Duffner forces out defensive coordinator, 2 others


Three University of Maryland assistant football coaches have been forced to resign, including defensive coordinator Larry Slade, whose unit allowed an all-time NCAA worst record of 553 yards per game.

Slade, 42, will be replaced by Syracuse University's Kevin Coyle, 37, a close friend and former defensive coordinator under Maryland coach Mark Duffner when Duffner was at Holy Cross.

Duffner was vague about the dismissals that were announced after a newspaper inquiry. School officials said they had planned to make the announcement this morning.

Outside receivers coach John Shannon and John Baxter, the running backs and special teams coordinator, also resigned. Other Terps assistants will assume their duties as Duffner reshuffles his staff.

"It's a difficult time when a coach has to make these decisions, but they had to be made to make our team and program better," said Duffner, who brought in all new assistants when he was hired two seasons ago. "It was a football decision -- differences in philosophies -- and it was time to move in another direction."

During the past two seasons, Maryland had one of the worst defenses in the country. In 1992, Maryland allowed 33.2 points, 204.4 rushing and 269.8 passing yards as the Terps finished 3-8.

This past season, Maryland allowed 43.6 points, 317.3 rushing and 235.6 passing yards per game. Slade and Duffner spent most of the year defending the Terps' pressure or "46 defense" by citing the number of freshmen (eight) who were starting.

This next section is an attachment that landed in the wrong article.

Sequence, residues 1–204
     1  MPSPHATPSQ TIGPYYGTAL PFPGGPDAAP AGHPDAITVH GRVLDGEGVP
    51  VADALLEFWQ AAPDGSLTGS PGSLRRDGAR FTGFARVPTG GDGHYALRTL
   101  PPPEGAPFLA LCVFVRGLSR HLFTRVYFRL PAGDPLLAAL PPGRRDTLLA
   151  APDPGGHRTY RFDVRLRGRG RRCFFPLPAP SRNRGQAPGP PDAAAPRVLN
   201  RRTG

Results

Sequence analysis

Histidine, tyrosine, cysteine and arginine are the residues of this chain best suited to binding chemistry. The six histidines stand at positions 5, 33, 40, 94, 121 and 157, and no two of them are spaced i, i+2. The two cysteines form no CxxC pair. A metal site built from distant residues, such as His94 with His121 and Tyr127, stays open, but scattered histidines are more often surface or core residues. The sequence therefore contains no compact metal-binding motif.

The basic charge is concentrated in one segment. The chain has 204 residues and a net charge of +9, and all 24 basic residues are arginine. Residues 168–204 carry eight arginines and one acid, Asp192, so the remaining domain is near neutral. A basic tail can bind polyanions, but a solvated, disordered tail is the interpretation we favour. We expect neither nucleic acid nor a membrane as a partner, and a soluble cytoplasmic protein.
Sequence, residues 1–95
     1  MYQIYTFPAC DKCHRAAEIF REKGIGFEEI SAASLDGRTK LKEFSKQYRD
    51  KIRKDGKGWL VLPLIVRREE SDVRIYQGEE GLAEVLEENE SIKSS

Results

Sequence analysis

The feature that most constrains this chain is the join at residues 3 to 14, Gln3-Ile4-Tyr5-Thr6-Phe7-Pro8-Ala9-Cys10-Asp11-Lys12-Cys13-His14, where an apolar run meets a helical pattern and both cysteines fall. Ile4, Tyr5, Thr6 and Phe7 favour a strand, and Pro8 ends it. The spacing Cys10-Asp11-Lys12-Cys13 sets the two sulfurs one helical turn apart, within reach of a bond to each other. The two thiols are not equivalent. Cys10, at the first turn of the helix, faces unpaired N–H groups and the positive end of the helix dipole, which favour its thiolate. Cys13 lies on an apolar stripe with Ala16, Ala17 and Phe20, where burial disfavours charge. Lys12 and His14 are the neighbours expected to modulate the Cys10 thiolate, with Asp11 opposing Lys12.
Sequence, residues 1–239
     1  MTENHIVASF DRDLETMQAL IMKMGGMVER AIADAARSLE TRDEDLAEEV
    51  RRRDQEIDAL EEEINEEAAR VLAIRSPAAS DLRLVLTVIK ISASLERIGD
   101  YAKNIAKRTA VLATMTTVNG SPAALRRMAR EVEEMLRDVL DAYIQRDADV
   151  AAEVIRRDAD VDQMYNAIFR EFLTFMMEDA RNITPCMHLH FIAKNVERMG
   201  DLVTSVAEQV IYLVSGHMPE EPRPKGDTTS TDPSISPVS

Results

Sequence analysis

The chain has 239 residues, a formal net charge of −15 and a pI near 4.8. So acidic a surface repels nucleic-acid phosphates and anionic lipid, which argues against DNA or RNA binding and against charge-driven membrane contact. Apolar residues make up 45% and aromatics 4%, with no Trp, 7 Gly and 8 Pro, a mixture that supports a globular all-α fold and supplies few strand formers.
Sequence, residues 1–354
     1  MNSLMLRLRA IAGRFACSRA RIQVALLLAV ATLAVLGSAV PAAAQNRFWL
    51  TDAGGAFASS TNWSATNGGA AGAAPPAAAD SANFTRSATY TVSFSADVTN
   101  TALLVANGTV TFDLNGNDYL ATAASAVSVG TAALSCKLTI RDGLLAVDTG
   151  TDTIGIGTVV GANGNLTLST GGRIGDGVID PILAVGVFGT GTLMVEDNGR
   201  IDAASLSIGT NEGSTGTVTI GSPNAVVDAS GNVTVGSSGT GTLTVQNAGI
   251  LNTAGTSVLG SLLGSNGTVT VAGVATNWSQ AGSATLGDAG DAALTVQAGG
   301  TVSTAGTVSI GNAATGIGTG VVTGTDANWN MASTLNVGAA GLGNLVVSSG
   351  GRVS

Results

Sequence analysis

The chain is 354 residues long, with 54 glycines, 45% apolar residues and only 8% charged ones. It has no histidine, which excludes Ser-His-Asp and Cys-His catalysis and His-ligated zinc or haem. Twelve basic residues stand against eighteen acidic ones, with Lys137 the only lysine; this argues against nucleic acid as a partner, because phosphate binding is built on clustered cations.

Slade took a lot of the criticism, but Duffner also was under pressure because he came to Maryland with a reputation of being a defensive whiz, and spent most of the week working with the defense.

Duffner declined to comment about what different philosophies Coyle would bring.

HTC But it is known that Coyle was Duffner's first choice when Duffner became Maryland's coach, but for some reason, he wasn't hired.

"I'll just say I coached with Kevin for 11 years at Cincinnati and Holy Cross," said Duffner. "I don't want to say any more about this, or how it will affect our recruiting or anything else. It was a difficult decision."

Slade did not return phone calls yesterday. He was one of only 15 African-Americans in Division I-A to hold a job as either a head coach, assistant coach or offensive or defensive coordinator.

"A coach has to have a good feeling about his staff, and Mark saw a good chance to reorganize and he did," said Maryland athletic director Andy Geiger. "Mark thought Larry was a good football coach, a good person and I know there weren't any personality clashes.

"In no way was Larry being made a scapegoat," said Geiger. "It was a decision Mark thought he had to make, and I support him."

Coyle, 37, graduated from the University of Massachusetts in 1978. He was an outside linebackers coach at Holy Cross from 1982 through 1985 before being promoted to defensive coordinator in 1986.

He left Holy Cross for Syracuse in 1990. In his first two seasons, the Orangemen led the Big East in rushing defense. They were ranked 11th nationally in 1991, and fifth in 1992.

"We're looking for improvement, to make big plays and have people in position to make big plays," said Duffner.

Maryland's staff will be missing four coaches from the previous season. Former quarterbacks coach Clyde Christensen left in December to become offensive coordinator at Clemson under his close friend Tommy West, the Tigers' new coach.

Terps inside receivers coach Rob Spence will become the quarterbacks coach and recruiting coordinator Jim Miceli also will be the receivers coach. Strength coach Dave Ungerer will succeed Baxter as the running backs and special teams coach.

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